Well, we all had such a good weekend: a nice walk in the woods; a picnic; a mooch around an antique centre and then a visit to a village show. But now it's all back to normal, the DH is at work, my kids are in the garden with half of the neighbourhood's under twelves and I've done some mammoth baking. First, I had a go at making a blackberry crumble cake, mainly to get rid of last year's blackberries lurking in the back of the freezer, but also because the DH loves crumble, but crumble is hardly a portable treat, and this cake can be easily carried to work in a lunch box...it worked out well, but is highly calorific!! It's just a Victoria Sandwich base, with frozen blackberries sprinkled on top of the batter and then crumble mixture and almonds sprinkled on top of the blackberries. You have to cook the cake at a slightly lower temperature than normal, to allow for the extra topping and also a little longer than usual, but it is worth it!
Also, I made my blogchum Marie's Kuchen. You'll find the recipe on her new Pick Up Pen and Needles blog. If you've made the yeast risen Kuchen before and found it a bit of a complicated process, try this. It's delicious and the base mixture is more of a muffin-y mix. We'll be having ours for pudding tonight and I think I'll serve it with cream...I've sneaked a little bit already....irresistible!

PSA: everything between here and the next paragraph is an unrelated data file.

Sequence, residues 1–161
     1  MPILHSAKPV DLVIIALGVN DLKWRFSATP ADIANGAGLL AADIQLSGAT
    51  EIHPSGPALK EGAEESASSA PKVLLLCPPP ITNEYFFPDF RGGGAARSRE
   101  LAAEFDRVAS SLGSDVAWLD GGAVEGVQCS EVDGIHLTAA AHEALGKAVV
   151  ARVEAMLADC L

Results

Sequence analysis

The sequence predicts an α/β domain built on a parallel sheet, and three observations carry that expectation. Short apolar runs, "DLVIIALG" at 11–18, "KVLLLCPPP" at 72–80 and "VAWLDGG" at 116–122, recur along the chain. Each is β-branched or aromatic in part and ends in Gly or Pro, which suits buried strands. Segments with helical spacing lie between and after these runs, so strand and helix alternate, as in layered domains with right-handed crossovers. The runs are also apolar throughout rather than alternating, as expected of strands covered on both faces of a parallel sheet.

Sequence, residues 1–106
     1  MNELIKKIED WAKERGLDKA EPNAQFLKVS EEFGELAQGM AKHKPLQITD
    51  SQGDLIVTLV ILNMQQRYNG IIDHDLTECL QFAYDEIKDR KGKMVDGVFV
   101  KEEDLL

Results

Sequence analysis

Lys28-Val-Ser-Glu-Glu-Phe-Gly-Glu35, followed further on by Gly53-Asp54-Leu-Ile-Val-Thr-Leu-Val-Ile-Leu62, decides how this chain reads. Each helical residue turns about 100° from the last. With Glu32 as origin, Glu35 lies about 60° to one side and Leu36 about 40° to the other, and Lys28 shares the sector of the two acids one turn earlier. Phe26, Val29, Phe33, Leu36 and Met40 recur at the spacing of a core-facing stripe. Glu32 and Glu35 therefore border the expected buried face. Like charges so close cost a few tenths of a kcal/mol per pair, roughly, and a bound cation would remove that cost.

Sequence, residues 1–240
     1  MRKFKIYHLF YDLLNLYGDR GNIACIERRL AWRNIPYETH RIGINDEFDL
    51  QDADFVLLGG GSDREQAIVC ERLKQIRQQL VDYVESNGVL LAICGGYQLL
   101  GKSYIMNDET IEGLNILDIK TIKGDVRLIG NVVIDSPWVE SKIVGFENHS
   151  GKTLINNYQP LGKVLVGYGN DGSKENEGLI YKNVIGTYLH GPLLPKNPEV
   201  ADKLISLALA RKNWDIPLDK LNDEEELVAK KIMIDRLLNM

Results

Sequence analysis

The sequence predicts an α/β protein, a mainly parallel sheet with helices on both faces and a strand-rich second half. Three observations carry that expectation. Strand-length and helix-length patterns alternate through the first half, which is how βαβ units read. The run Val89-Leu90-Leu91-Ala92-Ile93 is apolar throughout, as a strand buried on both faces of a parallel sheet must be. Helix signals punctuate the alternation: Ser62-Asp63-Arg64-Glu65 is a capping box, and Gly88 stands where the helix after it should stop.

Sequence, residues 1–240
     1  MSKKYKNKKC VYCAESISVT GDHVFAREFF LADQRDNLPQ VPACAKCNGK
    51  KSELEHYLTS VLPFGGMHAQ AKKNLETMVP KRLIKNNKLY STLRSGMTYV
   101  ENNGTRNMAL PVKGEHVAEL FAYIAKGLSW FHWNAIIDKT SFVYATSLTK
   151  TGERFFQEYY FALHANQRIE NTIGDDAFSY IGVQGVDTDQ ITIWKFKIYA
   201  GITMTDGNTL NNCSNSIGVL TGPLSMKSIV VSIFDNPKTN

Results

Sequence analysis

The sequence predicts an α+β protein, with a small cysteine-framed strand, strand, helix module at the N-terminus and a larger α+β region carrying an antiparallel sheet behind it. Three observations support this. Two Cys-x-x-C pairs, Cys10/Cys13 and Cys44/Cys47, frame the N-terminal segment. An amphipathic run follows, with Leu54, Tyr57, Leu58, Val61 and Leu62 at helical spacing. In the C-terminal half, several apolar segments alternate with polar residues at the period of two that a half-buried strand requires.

I've also been doing a bit of reading (but what's new about that?!?) and I've started Cousin Rosamund by Rebecca West, I suppose West is more famous for her relationship with H G Wells than her novels, but I think she is a good and sensitive writer and Cousin Rosamund offers some honest and beautiful insights into the world of marriage and domesticity. The second-hand Virago copy I have features a cover painting by an American artist, William McGregor Paxton. The painting is beautiful, so I googled it, but there is not a copy of it on the internet. I did however, find some other portraits by the same artist...some of quite grand ladies, but others showing more normal scenes of women's everyday lives.
I love his attention to detail, the concentrated, absorbed look on his subjects faces. He worked primarily in the early part of the twentieth century, a period of time I find fascinating, both historically and aesthetically, and although I think he was influenced by John Singer Sergeant, I think his work a little more honest than Sergeant's.